drum - drum[z]       mop - mop[s]       bus - bus[ɨz]      
rib - rib[z] pot - pot[s] fuzz - fuzz[ɨz]
hand - hand[z] bath - bath[s] wish - wish[ɨz]
lie - lie[z] tack - tack[s] church - church[ɨz]

In the first column, the plural is pronounced like the "z" sound in English. In the IPA this is transcribed as [z]. In the second column, the plural is pronounced like the "s" sound in English - [s] in the IPA. In the third column, the plural is pronounced with a short vowel sound and the "z" sound again, transcribed as [ɨz] in the IPA.

Why does the plural change its pronunciation? The words in the first column all end with a speech sound that is voiced, meaning that the vocal folds are vibrating. The words in the second column all end with a speech sound that is voiceless, meaning that the vocal folds are not vibrating. If you don't believe me, touch your neck while pronouncing the "m" sound (voiced) and you will feel your vocal folds vibrating. Now, try this with while pronouncing the "th" sound in the word "bath." You will not feel anything because your vocal folds are not vibrating. In the third column, all the words end with sounds that are similar to the [s] and [z] sounds in place and manner of articulation. So, we normally add a vowel to break up these sounds. (Otherwise, we would have to pronounce things like wishs and churchs, without a vowel to break up the consonants.) What this means is that these changes are predictable; it is a pattern that must be learned. English-speaking children start to learn it between ages 3-4 (Berko, 1958).

Why does this rule happen though? To answer this question, we would need to delve further in to how speech articulations are produced and coordinated with each other. Importantly though, the choice of letters is not relevant to knowing how to pronounce the plural in English. It's the characteristics of the sounds themselves. Rules like these (phonological rules) exist throughout the world's languages, whether the language has an alphabet or not - and only about 10% of the world's languages even have a writing system (Harrison, 2007). Unless you are learning a second language in a classroom, speakers and listeners of a language learn such rules without much explicit instruction. The field of phonology focuses on how rules like these work across the different languages of the world. The basis for these grammatical rules is the phonetics of the language.

II. Open areas of research in phonetics
The examples above illustrate the utility of phonetics for well-studied problems. Yet, there are several broad areas of research in phoneticians occupy themselves with. I will focus on just a few here to give you an idea of how this field is both scientifically interesting and practically useful.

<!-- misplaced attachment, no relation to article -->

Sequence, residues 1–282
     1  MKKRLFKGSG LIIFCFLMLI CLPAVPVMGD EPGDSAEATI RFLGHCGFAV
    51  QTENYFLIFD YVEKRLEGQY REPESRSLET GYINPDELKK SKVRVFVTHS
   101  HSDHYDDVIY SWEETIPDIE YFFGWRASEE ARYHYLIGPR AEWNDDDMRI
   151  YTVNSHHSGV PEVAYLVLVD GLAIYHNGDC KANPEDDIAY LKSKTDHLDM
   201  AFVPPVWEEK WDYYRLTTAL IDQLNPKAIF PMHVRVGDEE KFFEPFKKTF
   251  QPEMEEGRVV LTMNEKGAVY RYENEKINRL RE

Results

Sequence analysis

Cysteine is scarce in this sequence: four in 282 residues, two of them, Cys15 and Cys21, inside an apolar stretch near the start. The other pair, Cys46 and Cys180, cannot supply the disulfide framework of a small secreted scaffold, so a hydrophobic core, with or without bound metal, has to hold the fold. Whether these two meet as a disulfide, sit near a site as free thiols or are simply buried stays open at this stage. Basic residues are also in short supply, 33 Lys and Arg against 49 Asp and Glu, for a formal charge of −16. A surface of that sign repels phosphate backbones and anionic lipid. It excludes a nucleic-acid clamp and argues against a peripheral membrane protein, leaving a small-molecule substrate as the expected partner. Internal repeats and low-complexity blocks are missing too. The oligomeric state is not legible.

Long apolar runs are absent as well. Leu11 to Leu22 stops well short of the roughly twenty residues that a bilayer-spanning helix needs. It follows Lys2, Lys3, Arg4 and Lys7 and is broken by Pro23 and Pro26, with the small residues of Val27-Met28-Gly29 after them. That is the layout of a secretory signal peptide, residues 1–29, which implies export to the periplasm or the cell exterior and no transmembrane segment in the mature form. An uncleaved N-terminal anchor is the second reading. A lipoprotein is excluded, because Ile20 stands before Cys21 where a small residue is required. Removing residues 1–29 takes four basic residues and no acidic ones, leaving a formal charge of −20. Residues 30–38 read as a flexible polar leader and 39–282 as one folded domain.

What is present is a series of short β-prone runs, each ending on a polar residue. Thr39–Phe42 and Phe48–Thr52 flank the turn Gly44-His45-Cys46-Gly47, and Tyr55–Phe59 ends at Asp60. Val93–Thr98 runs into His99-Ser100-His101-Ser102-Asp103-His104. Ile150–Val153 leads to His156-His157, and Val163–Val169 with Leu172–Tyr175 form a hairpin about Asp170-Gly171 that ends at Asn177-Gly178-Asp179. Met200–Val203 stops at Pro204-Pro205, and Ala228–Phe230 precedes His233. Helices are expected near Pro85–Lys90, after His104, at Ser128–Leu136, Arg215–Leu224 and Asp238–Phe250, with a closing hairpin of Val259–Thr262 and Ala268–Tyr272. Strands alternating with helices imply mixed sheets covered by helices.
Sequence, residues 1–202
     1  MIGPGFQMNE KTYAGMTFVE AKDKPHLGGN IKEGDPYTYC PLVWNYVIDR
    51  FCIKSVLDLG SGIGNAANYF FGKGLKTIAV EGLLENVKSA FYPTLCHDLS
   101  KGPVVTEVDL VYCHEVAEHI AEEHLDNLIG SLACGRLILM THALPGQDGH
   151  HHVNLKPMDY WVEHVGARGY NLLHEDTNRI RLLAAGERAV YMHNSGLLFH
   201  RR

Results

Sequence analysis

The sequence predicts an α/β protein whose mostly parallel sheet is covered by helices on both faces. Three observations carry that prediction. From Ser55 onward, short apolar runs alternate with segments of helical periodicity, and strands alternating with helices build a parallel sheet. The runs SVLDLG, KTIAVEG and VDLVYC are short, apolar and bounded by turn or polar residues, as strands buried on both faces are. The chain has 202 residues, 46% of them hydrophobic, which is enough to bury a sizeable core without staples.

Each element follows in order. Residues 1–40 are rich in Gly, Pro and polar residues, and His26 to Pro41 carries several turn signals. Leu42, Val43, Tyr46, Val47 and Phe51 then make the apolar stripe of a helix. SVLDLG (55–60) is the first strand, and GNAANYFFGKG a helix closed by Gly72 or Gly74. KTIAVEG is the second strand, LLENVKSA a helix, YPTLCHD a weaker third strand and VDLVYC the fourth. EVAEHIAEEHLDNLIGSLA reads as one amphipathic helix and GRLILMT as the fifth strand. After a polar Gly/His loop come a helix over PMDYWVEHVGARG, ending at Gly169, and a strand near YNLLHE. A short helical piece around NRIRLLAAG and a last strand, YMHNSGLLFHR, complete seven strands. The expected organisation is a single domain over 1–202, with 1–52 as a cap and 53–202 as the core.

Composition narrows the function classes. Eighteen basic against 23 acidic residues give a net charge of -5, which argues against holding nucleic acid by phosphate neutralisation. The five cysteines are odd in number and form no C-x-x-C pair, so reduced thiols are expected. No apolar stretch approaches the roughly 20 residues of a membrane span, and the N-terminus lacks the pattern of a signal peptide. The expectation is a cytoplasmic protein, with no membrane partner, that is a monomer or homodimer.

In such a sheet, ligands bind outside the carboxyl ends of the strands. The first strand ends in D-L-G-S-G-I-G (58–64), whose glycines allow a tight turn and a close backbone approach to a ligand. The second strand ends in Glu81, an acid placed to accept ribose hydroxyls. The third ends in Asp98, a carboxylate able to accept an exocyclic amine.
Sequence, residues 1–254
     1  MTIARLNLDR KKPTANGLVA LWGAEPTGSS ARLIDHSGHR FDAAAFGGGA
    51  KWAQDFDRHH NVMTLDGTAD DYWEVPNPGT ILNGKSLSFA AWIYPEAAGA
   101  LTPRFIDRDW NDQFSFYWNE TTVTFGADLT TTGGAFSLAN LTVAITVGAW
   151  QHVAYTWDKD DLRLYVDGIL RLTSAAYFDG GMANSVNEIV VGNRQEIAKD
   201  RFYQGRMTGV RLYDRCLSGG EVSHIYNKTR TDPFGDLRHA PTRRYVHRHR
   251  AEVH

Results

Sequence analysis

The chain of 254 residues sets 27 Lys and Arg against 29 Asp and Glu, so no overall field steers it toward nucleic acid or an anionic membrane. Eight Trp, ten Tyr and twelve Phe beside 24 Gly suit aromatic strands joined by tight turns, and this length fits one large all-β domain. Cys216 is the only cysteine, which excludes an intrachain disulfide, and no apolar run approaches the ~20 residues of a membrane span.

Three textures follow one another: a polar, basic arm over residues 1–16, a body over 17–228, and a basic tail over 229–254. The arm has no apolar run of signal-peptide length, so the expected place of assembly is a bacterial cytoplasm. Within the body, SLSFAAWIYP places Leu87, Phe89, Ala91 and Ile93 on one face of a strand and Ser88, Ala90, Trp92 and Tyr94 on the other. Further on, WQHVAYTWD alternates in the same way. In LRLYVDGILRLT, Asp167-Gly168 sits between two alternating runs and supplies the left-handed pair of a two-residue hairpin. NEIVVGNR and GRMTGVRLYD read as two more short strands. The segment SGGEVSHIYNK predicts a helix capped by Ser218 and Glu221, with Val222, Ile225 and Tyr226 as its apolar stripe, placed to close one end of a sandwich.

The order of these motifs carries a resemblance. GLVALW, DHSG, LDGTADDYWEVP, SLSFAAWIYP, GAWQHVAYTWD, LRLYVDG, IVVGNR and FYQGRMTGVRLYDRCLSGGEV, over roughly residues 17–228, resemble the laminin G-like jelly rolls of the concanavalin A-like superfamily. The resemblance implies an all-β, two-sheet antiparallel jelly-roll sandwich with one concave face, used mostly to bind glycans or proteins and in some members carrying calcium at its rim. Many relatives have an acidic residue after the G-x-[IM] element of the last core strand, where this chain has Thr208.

a. Acoustic phonetics and perception
When we are listening to speech, a lot is going on. Our ears and our brain (and even our eyes) have to decode a lot of information quickly and accurately. How do we know what to pay attention to in speech signal? How can we tell whether a speaker has said the word 'bed' or 'bet' to us? Speech perception concerns itself both with what characteristics of the sounds a listener must pay special attention to and how they pay attention to these sounds.

This topic is hard enough when you think about all the different types of sounds that one could examine. It is even harder when you consider how multilingual speakers do it (switching between languages) or the fact that we perceive speech pretty well even in noisy environments. Right now, we know a bit about how humans perceive speech sounds in laboratory settings, but much less so in more natural environments. Moreover, most of the world is multilingual, but most of our research on speech perception has focused on people who speak just one language (often English).

Figure 3: A speech waveform and spectrogram. Here we see the phrase "to go without water for" spoken by a native English
speaker reading from a text. The words are labelled below the spectrogram along with the sounds using the IPA. There are no pauses in the speech signal but humans are able to pull out individual words when listening to speech.

There is also a fun fact relevant to acoustics and perception - there are no pauses around most words in speech! Yet, we are able to pull out and identify individual words without much difficulty. To do this, we must rely on phonetic cues to tell us when words begin and end. An example of this is given in Figure 3. Between these five words there are no pauses but we are aware of when one word ends and another begins.

How are humans able to do all of this so seamlessly though? and how do they learn it? Acoustic phonetics examines questions in each of these areas and is itself a broad sub-field. Phoneticians must be able to examine and manipulate the acoustic signal to do this research.